Saturday, February 26, 2011

robot jr

What does the future hold for man and his mechanical helpers? Maybe a better question is; how will the relationship between man and machine evolve? When man's machines were confined to things like stone axes, levers and cotton gins, our 'relationship' to these tools was a simple one, but as man's mechanized helpmates become more and more sophisticated, so to will our interactions with them.

Image "AmalgaMATE" by Michaelo

In a recent podcast, the folks over at Stuff You Should Know, asked "Will robots get married?" Early on in the podcast, the answer was rather matter-of-fact: anytime people start having sex with something, they're bound to start developing feelings for it.

Pardon me? What's that?

As lifelike robots begin to become more accessible, even mainstream, there are some smart folks who believe that people who interact with them will eventually begin to have feelings for them. Especially, as the emotional range robots are able to convey and articulate become more complex. And once you've got people falling in love, and advocating for their loved ones, the next logical steps, according to what I'm reading, is advocating for robot rights and their integration into the society of thinking beings.

Over at Time magazine, Lev Grossman has been chatting with Ray Kurzweil, who still favors the ideas he put down in "The Age of Spiritual Machines"; man and machine will join in a more complete way, by a melding of minds into complex computer systems, potentially leaving our physical bodies--and our mortality--behind.

Are robots just cool tools? Gadgets we'll use to sweep up, put away the groceries, or walk the dog. Or will we someday be talking about human-robot hybrid 'children' that are made up of the combined consciousness of their human and robot parents, and installed in android bodies? And will this kid be nice to your kid on the playground?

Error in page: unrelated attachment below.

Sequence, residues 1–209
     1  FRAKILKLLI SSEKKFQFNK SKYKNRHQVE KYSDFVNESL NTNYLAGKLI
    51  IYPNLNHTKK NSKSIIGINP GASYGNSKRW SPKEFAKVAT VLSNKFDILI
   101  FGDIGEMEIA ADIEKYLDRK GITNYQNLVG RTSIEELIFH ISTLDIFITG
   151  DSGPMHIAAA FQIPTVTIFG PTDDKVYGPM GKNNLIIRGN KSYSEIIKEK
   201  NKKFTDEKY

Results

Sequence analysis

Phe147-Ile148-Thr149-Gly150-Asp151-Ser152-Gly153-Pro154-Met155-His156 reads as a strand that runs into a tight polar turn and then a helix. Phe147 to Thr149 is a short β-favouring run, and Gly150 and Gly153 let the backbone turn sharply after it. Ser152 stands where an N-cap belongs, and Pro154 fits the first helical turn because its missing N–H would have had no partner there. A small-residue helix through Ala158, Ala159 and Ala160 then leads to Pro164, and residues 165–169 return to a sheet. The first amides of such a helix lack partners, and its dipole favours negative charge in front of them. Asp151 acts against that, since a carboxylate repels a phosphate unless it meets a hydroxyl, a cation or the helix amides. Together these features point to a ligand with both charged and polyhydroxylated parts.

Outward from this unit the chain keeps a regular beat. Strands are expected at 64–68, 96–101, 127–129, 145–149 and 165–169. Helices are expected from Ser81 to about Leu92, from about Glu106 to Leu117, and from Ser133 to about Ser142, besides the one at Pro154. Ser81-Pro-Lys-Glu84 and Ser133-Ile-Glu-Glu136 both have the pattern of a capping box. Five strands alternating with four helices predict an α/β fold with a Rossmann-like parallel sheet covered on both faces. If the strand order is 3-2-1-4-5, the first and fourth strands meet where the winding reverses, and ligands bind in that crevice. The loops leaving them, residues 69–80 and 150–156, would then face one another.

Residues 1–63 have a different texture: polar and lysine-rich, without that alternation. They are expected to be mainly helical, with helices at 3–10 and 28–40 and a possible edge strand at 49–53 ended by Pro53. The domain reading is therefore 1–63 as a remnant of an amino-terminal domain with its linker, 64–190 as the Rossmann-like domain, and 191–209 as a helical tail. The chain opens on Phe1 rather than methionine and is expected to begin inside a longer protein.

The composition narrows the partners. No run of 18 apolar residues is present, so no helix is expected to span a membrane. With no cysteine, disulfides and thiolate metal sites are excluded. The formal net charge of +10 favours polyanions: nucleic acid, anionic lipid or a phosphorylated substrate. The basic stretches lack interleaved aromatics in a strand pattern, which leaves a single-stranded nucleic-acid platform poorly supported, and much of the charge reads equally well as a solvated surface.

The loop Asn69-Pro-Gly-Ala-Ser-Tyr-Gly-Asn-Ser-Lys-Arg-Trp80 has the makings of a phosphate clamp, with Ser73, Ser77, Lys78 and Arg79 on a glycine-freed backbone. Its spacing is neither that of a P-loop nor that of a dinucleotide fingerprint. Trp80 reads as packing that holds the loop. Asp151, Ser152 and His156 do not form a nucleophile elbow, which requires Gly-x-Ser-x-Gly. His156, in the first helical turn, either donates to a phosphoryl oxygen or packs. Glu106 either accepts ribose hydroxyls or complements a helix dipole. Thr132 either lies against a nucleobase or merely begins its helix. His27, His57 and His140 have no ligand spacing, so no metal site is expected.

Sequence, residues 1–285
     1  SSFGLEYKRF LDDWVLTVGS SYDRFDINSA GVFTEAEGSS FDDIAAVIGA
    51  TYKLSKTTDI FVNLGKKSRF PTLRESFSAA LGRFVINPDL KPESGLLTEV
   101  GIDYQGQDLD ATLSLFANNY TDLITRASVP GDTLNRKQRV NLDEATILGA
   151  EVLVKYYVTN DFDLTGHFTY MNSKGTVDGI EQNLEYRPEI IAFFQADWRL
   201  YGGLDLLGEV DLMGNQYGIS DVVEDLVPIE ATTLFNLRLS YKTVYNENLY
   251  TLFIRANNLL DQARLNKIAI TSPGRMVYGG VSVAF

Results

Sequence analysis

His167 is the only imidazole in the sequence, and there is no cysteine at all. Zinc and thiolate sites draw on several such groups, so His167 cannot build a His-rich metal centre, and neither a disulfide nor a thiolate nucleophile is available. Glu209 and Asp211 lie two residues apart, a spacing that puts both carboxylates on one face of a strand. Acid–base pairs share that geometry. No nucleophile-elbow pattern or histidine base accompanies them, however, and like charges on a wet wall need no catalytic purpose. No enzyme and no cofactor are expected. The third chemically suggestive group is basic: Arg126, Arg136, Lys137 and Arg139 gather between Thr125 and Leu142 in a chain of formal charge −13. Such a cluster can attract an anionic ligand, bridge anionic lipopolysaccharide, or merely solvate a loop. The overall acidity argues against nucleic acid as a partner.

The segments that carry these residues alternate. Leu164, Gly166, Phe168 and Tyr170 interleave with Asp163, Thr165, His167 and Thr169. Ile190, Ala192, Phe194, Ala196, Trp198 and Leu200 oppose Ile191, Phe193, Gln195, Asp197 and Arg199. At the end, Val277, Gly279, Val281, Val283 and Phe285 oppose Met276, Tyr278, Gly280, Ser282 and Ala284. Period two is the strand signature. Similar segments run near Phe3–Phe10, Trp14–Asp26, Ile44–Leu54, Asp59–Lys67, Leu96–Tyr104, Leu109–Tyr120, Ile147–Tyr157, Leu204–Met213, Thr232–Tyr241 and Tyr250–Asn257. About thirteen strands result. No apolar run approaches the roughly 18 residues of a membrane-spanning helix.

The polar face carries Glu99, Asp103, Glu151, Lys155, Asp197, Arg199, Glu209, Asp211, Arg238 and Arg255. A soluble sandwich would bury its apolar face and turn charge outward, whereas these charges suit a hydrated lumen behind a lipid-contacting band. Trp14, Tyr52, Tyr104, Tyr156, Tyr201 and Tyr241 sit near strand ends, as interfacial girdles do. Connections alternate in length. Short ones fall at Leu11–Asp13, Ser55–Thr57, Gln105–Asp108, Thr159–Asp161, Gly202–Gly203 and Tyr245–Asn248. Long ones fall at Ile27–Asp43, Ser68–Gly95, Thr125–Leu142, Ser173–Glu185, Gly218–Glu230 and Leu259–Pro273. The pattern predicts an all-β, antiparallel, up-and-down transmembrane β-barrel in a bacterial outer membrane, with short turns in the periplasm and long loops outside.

I hope Asimov got it right in I, Robot. Just looking around on the internet, there is a boat-load of crap about this stuff. I just read a great review of a crummy book called We, Robot get it? which includes about 50 examples in the subtitle alone.

I don't know about you, but I'm not ready to have the microwave oven making eyes at me.

Wednesday, February 23, 2011


Incunabula are books which were printed, rather than inscribed, prior to the year 1500. The date is a little arbitrary, but its what most folks consider the cut off point for incunabula.

Gutenberg Bible, Volume 1, Old Testament, Exodus, Leviticus: Harry Ransom Center, University of Texas at Austin

So why does that matter today, February 23, my birthday? Because today is also the birthday of the printed book, and for us, its also the birthday of the incunabulum.

On this day in 1455, Johannes Gutenberg printed the first book in Europe using movable type: the Gutenberg Bible. Gutenberg developed his press, using movable type, in Mainz, Germany and chose a bible for his first foray into mass production. Gutenberg chose the bible because of the demand, which hand inscription kept high, due to its time consuming, and often times, inaccurate process. Gutenberg printed about 200 copies; some on vellum, and more on paper, the numbers vary according to where I've looked. Only 21 are known to still exist, that number seems pretty well established.